The downtown Victoria bike lanes are a contentious topic; on one side they’re focused on safety and green transportation, on the other they’re invasive and expensive.
City council and staff are aware of these facts and in a Committee of the Whole meeting Thursday, Coun. Charlayne Thornton-Joe prompted City engineers to speak of the lessons learned in the Pandora Avenue and Fort Street bike lanes.
Director of engineering and public works, Fraser Work, was candid in his response.
“If I could go back in time, I would want to re-frame at a staff level that this is about safety,” he said. “A lot of questions come up about ‘why not simply add more painted lanes’ that have such a lower cost … that’s not what this is about. From a staff level I’m most interested in the safety for all cyclists that move in and out of traffic.”
Work said the bike lanes come up in conversations a lot, and even among his own family members he gets a little heat.
“‘Blow em up!’ those were my parents words,” he said. “My parents will never use the bike lanes … But, this is not a project that aims to make it more convenient or comfortable for a small group of cyclists. This is a program to make it safe to cycle in the city.”
When looking at past processes and designs, City manager of sustainable transportation planning and development, Sarah Webb, said there were several different lessons learned.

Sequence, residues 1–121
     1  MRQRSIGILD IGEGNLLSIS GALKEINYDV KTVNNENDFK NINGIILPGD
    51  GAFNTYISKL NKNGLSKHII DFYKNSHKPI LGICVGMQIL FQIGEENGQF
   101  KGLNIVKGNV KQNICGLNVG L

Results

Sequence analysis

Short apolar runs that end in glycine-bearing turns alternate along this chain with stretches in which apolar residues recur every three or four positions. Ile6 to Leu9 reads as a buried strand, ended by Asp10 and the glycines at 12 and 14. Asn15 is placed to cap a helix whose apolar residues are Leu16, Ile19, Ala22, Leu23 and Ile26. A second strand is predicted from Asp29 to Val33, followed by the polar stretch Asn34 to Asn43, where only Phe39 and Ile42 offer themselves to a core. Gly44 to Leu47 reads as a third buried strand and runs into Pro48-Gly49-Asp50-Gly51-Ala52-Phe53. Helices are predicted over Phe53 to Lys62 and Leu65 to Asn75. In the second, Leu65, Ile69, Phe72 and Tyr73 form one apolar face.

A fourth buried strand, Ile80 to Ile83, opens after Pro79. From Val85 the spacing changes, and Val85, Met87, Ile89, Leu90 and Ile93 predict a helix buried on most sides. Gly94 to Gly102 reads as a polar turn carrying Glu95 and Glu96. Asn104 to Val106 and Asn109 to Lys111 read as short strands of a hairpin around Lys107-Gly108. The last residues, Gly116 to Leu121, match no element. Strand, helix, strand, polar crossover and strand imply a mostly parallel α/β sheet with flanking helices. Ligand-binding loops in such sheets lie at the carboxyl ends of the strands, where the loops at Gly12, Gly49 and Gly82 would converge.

In terms of design, she said Pandora Avenue ended up having too many concrete barriers.
“On Fort, we looked at different ways to increase permeability of the project and only use concrete curbs at key intersections,” she said, noting that they opted for more paint and bollards where they could.
She also said the Fort lanes provided city engineers with a lot of insight on better ways to control traffic signal timing, something they continually tweak.
For Work, one of his most significant lessons was in regards to public engagement.
“In essence, we have to have more detailed conversations with key stakeholders, and re-architect the engagement process from what we learned with Pandora and Fort,” he said.
Brad Delleburr, manager of transportation and infrastructure design, echoed these thoughts.
“A much as we have open houses, talk to people on the street … the story is really difficult to get out to the general public,” he said. “What these facilities are, what they’re going to achieve … conversations around bike facilities are not going to end any time soon.”
Council members all spoke of the difficulty small businesses had amid construction, and that the City could provide better signage for businesses to let the public know they’re still open.
A large problem for Fort Street was that while lanes were being built, some underground infrastructure was also being updated, adding to the construction time.
“I totally recognize that, but if we hadn’t done that now … there would have been some kind of leakage … or 10 years from now we’d have to do the underground infrastructure,” said Mayor Lisa Helps. “I know it’s been terrible, but it’s not all about the bike lanes.”
At the end of the day, Works acknowledged there were many needs to be met.
“There are no silver bullets,” he said. “We have to have a multifaceted approach.”
Coun. Thornton-Joe said that the bike lanes also came up in her dinner conversations, and that even when people like the lanes, there are frustrations about cyclists themselves.
“Hopefully we can continue to learn and share,” she said.